Colman readily admits the fact her friend Considine was playing Mr Whicher was a big pull factor. I said yes before I'd read it, because I heard Paddy was in it and then was pleasantly surprised to hear that I'd said yes to a good script, so that was lucky! She had watched the first drama about the 19th Century Scotland Yard detective who investigates the murder of a wealthy three-year-old boy and correctly points the finger at his jealous half-sister.
I think I've seen everything Paddy's been in! says 39-year-old Colman, excitedly, suddenly aware she sounds slightly obsessed. Luckily, we're friends, so it's all right, but before I'd met him, I was just in awe of him. I'm one of his biggest fans.
He's one of the most honest and extraordinary humans I've ever met, he's a man of integrity and he's just brilliant, his mind is fascinating. It's got some dark places in it and it's funny, he's brilliant.
It took a while for her to get used to acting alongside him, rather than being directed by him.
Because we're mates, it's lovely to play off each other. But I did take a couple of days to adjust because the last time we'd worked together, he was the best director in the world.
The lovely director [of Whicher] would give me notes and I kept checking with Paddy if that was all right and he had to tell me, 'I'm not the director'.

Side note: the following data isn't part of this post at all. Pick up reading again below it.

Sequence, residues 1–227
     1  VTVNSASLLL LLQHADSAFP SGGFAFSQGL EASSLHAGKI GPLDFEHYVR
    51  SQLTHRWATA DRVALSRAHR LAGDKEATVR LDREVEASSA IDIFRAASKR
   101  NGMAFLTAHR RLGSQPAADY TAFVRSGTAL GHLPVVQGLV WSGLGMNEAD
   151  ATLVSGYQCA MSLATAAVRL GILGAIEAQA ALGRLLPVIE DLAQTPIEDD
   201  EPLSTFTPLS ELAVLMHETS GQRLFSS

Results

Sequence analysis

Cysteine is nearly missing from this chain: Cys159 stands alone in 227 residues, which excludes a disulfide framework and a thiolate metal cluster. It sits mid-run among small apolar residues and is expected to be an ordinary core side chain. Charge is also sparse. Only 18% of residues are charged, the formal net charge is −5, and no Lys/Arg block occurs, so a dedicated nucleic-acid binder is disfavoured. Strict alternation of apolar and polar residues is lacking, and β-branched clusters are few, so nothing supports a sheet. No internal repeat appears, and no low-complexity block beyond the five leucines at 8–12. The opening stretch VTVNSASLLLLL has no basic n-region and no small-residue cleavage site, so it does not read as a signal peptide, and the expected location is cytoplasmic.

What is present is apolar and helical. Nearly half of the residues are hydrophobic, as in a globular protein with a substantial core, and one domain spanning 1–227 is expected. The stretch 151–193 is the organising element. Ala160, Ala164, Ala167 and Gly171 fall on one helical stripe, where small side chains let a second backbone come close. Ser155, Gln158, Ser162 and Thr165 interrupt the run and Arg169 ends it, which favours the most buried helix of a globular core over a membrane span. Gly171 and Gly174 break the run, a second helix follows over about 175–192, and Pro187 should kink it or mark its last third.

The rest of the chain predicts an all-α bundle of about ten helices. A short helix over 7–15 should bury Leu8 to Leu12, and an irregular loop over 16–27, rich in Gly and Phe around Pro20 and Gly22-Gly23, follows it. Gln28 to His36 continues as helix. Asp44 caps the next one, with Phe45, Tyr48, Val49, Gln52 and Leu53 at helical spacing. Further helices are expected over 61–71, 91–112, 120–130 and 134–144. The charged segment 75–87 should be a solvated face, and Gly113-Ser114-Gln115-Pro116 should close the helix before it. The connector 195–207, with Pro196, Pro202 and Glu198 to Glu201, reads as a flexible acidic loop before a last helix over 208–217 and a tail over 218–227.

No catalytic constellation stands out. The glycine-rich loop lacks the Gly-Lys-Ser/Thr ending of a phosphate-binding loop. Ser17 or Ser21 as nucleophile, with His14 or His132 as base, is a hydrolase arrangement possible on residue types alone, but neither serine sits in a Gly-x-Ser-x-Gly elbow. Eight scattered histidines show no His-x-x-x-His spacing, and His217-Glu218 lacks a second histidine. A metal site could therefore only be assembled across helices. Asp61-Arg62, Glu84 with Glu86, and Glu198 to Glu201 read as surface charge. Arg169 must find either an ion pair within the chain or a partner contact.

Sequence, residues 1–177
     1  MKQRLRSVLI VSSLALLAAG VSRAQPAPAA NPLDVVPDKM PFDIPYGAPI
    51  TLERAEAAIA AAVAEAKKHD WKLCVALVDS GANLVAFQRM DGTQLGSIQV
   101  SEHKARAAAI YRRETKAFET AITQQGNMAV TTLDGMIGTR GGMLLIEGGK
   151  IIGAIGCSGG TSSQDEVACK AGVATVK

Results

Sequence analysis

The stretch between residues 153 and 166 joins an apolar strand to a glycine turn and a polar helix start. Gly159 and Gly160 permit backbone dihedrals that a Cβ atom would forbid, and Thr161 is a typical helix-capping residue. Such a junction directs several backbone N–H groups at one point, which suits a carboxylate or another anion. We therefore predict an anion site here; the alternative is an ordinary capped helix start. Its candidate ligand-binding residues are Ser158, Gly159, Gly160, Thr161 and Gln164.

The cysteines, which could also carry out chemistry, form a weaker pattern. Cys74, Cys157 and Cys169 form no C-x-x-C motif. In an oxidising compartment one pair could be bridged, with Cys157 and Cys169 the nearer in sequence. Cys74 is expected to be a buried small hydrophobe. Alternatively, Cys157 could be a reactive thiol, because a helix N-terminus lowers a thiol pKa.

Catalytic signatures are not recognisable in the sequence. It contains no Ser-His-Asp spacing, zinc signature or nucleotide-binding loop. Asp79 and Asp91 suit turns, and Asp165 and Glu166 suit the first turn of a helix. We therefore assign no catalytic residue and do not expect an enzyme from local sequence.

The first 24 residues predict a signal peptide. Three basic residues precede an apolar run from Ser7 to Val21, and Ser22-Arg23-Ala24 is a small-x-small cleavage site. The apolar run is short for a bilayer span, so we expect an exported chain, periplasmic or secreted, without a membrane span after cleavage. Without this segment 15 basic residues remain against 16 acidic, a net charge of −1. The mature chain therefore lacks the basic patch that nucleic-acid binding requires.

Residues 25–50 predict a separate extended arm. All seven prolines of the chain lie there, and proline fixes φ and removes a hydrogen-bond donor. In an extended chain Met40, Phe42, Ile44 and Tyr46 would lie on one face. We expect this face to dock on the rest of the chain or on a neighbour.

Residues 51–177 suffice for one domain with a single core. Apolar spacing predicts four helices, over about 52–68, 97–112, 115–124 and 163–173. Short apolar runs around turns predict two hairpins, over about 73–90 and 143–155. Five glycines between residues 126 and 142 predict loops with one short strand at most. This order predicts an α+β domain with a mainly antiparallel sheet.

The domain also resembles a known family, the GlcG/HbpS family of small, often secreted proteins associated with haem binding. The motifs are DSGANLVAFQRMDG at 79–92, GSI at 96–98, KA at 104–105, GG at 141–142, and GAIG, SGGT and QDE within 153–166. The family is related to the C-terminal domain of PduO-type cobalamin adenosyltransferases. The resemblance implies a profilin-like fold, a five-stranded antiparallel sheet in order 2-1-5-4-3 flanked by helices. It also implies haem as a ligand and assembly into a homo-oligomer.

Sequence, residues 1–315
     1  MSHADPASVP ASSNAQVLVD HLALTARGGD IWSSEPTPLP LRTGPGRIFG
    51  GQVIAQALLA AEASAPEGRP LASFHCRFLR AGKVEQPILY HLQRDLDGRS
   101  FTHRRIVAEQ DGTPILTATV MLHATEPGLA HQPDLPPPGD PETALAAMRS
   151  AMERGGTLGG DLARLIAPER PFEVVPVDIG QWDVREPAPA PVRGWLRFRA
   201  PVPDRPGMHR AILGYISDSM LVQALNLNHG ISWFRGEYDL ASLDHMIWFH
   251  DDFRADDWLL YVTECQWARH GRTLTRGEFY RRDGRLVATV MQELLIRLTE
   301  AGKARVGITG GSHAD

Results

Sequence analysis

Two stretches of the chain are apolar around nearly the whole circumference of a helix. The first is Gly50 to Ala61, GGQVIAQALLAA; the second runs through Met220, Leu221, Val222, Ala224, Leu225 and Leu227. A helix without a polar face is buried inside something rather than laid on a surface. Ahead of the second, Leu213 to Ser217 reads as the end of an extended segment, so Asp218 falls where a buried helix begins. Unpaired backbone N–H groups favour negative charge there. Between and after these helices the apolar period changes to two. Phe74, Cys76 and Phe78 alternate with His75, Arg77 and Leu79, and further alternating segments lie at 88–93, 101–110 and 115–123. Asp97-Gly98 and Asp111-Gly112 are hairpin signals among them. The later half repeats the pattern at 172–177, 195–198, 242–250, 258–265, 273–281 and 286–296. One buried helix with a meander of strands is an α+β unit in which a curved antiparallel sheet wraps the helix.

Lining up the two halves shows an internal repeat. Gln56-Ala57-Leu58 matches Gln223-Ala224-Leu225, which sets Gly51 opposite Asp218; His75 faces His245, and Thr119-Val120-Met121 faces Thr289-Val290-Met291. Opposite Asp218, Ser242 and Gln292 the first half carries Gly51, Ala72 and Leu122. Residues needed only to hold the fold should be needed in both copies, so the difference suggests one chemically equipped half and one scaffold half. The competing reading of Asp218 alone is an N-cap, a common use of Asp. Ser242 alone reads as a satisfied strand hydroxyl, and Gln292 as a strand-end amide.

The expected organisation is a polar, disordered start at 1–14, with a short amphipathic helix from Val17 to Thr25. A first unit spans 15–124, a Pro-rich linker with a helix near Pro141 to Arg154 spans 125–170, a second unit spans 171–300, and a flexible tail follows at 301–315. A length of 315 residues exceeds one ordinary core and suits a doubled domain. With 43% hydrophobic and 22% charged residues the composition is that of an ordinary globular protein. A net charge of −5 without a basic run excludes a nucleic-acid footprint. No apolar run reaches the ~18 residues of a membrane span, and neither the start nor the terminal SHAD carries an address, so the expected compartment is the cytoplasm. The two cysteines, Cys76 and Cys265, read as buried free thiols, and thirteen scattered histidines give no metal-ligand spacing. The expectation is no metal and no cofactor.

This feature-length one-off picks up the story some time after Jack Whicher has lost his case against Constance Kent, the half- sister of murdered Saville, who eventually confessed her guilt five years after she was acquitted. After the trial, Whicher suffered depression and quit the police force.
In this new fictional case, he rescues respectable country lady Susan Spencer (Colman) from a violent robbery in a dodgy part of London, and she then hires him as a 'private inquiry agent' to find her missing teenage niece, who she was looking after. It soon turns into a murder inquiry.
She's a woman of independent wealth, so money's not one of her worries, says Colman. She's suffered losses and heartache and he's the only friendly face she sees initially and she trusts him. They have a connection with each other. Colman, who has two children with her husband Ed Sinclair, admits she found it difficult to play the grieving aunt, but she drew on her experience of motherhood for the more emotional scenes.